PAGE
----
Doris Roberts attends the International Myeloma Foundation 8th annual comedy celebration 'Celebrity Autobiography' at the Wilshire Ebell Theatre on November 8, 2014 in Los Angeles, California.
Jerod Harris—WireImage
April 19, 2016 1:39 AM EDT

Doris Roberts, who died on Sunday at the age of 90, took her first TV role in 1951 and never really stopped. For over six decades, she illuminated films and television shows with wit and glamor, crossing paths with hundreds of actors and comedians.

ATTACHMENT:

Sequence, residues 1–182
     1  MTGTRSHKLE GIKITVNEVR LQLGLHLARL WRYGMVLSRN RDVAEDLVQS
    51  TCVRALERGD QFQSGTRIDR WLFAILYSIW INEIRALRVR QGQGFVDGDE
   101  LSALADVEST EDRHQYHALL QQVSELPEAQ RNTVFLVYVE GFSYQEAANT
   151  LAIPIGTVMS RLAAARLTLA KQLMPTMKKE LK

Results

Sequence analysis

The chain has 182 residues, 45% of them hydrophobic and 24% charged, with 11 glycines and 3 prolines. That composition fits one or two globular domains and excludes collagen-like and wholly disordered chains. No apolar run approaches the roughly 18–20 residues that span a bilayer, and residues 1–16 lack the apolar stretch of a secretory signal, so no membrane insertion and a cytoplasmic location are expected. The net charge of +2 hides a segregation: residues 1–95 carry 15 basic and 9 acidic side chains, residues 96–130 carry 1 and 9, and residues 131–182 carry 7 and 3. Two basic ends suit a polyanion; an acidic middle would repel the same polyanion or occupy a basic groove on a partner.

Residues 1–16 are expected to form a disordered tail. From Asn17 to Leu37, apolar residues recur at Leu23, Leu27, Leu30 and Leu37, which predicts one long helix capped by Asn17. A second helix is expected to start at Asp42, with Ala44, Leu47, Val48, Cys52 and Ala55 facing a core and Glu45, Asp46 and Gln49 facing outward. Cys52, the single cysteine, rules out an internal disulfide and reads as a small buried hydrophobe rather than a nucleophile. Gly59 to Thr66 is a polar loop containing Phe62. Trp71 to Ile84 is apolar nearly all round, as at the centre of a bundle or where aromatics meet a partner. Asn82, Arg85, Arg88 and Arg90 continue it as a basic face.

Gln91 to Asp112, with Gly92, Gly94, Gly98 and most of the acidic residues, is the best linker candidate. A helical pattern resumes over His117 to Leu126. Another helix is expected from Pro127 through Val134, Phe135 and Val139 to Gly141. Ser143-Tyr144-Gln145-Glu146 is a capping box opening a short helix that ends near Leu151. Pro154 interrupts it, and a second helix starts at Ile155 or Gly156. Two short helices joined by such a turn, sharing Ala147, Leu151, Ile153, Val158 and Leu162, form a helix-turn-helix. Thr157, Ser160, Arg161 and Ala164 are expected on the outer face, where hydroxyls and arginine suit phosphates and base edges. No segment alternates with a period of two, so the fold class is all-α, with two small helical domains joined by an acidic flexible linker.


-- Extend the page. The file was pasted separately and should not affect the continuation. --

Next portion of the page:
In the wake of her passing, they have been effusive in their tributes. They recalled not only her talent — as a comic and as a thespian — but also “her energy and spirit” offstage, as Ray Romano, her co-star on Everybody Loves Raymond, wrote in a statement.

“Whether working professionally or with her many charities, or just nurturing and mentoring a green young comic trying to make it as an actor, she did everything with such a grand love for life and people and I will miss her dearly,” Romano wrote.

Twitter and Facebook, too, were predictably ablaze:


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